3. To accompany herds: Since a fainting goat would fall over or be reduced to a hobble following a fright, many farmers saw them as an excellent form of protection for sheep herds. If a predator such as a wolf or coyote were to attack the herd, the non-myotonic animals could run away, leaving behind any fainting goats either immobilized or hobbled by the fright. The herd would escape and the predators would focus on the easiest kill. But this use has largely fallen out of practice, and the degree to which it was actually used is uncertain.

Whether food or friend, fainting goats don't seem to be going away anytime soon. Numbering an estimated 3,000 to 5,000, the animals are recognized as an official breed and are raised throughout the United States. Enthusiasts have even established breed standards and regularly show their prize animals at livestock festivals.

Fainting goats are used for many purposes: as food, as amusement and as protection for herds.
David Silverman/Staff/Getty Images

To learn even more about fainting goats and myotonia congenita, check out the links below.

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More Great Links

Sources

  • "Breeds of Livestock" Oklahoma State University Department of Animal Science 08/02/96. http://www.ansi.okstate.edu/breeds/goats/myotonic/index.htm
  • "Genetics Home Reference" U.S. National Library of Medicine. 04/07. http://ghr.nlm.nih.gov/condition=myotoniacongenita
  • International Fainting Goat Workshop. http://www.faintinggoat.com/
  • Jody Workman, International Fainting Goat Association. Personal interview.
  • Jordan Crump, The Humane Society of the United States. Personal interview.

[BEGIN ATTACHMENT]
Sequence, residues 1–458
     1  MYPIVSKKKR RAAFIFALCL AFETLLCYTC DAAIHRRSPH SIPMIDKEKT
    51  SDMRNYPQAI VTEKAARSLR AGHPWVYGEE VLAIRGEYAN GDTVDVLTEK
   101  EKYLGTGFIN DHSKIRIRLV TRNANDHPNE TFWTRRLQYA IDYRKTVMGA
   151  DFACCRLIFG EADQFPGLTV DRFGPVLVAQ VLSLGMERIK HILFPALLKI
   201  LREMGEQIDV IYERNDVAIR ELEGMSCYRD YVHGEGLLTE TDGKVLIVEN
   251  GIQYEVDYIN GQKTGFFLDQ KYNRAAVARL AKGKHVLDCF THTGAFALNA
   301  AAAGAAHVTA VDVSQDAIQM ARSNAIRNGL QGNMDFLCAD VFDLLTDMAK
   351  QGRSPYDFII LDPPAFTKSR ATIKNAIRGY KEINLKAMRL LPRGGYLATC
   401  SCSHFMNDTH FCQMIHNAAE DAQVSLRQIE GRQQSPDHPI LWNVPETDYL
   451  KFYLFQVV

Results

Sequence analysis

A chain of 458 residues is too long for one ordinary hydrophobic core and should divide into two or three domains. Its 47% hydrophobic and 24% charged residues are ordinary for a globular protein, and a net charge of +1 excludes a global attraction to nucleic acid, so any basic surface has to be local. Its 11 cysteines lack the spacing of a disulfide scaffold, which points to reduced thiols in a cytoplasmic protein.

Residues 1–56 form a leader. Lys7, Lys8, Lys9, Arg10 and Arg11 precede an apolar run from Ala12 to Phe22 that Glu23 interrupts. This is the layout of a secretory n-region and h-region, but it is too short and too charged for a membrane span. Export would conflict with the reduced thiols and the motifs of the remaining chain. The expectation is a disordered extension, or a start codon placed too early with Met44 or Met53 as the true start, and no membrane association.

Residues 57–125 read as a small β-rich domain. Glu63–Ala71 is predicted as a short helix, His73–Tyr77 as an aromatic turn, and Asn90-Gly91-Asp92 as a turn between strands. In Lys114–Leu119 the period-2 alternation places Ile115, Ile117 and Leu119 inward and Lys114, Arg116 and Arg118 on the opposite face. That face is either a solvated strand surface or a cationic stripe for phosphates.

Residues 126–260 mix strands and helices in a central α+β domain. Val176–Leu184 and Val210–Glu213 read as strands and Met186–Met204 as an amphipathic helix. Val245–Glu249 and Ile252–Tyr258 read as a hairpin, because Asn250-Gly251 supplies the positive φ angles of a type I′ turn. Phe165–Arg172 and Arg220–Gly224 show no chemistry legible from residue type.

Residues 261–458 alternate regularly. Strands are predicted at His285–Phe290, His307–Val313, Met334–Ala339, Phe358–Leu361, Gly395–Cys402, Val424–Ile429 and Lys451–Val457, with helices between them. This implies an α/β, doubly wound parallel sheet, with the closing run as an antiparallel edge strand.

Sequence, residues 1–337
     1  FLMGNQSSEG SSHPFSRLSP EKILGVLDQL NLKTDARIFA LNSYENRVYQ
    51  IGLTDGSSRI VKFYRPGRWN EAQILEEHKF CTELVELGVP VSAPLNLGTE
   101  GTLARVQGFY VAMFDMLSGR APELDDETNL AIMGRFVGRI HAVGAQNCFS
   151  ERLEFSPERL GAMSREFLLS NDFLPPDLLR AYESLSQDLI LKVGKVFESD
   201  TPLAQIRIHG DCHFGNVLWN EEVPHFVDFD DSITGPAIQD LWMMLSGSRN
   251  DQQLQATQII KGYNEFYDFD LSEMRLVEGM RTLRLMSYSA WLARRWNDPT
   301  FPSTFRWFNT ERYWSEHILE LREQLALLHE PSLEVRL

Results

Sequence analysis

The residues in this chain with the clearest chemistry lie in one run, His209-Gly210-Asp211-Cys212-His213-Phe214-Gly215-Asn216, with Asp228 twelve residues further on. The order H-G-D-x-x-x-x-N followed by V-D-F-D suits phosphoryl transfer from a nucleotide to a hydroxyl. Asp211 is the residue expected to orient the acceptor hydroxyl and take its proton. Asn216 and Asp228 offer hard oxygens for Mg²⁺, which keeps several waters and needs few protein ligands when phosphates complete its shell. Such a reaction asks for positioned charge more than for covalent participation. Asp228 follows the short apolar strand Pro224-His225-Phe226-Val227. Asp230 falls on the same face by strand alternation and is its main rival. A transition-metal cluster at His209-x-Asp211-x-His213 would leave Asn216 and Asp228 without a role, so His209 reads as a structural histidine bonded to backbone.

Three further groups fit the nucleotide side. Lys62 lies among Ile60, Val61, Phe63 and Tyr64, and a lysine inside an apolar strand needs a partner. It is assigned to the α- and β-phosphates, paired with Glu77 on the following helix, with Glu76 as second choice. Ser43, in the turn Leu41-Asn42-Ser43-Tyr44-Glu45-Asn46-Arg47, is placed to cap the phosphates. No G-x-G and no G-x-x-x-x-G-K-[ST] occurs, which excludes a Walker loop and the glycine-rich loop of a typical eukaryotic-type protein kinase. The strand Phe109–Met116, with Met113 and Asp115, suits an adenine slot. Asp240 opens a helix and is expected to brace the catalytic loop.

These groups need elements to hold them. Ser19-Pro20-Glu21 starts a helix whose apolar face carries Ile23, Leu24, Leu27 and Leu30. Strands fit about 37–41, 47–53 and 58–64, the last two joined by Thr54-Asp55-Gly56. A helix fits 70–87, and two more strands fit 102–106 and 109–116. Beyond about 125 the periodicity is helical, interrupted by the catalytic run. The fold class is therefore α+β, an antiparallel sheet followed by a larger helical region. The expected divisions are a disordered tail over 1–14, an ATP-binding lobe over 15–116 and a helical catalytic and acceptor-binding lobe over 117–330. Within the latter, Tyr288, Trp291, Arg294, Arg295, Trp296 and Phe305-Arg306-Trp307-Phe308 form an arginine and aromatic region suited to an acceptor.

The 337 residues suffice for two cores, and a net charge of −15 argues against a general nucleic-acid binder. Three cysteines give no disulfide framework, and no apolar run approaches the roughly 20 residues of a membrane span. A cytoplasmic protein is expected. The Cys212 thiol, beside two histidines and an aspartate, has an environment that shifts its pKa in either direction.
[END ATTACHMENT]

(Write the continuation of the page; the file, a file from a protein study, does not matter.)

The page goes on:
• Kathy Guillermo, Director of Research, People for the Ethical Treatment of Animals. Personal interview.
  • Luginbuhl, Jean-Marie, "Breeds of Goat for Meat Goat Production and Production Traits" North Carolina State University College of Agriculture and Life Sciences. 01/98. http://www.cals.ncsu.edu/an_sci/extension/animal/meatgoat/MGBreed.htm
  • "MedlinePlus." U.S. National Library of Medicine. 05/16/2006. http://www.nlm.nih.gov/medlineplus/ency/article/001424.htm
  • Myotonia Congentia "How Stuff Works.com." 05/16/06 . https://healthguide.howstuffworks.com/myotonia-congenita-dictionary.htm
  • "Myotonia Congenita - Symptoms and Treatment" American Miniature Schnauzer Club, Inc. 03/02/00. http://amsc.us/myo-symp.html
  • "NINDS Myotonia Congenita Information Page" National Institute of Neurological Disorders and Stroke. 02/14/07. http://www.ninds.nih.gov/disorders/myotoniacongenita
  • Spangler, Nicholas. "Scared stiff: So-called fainting goats actually make decent pets" Miami Herald. 08/31/03. http://www.miami.com/mld/miamiherald/news/6658675.htm
  • "Tennessee Fainting Goats." Ark of Taste, Slow Food USA.. http://www.slowfoodusa.org/ark/myotonic_goat.html
  • Weaver, Sue. "Livestock & Pets - Myotonic Goats" Hobbyfarms.com. 07/07. http://www.hobbyfarms.com/livestock-and-pets/myotonic-goats.aspx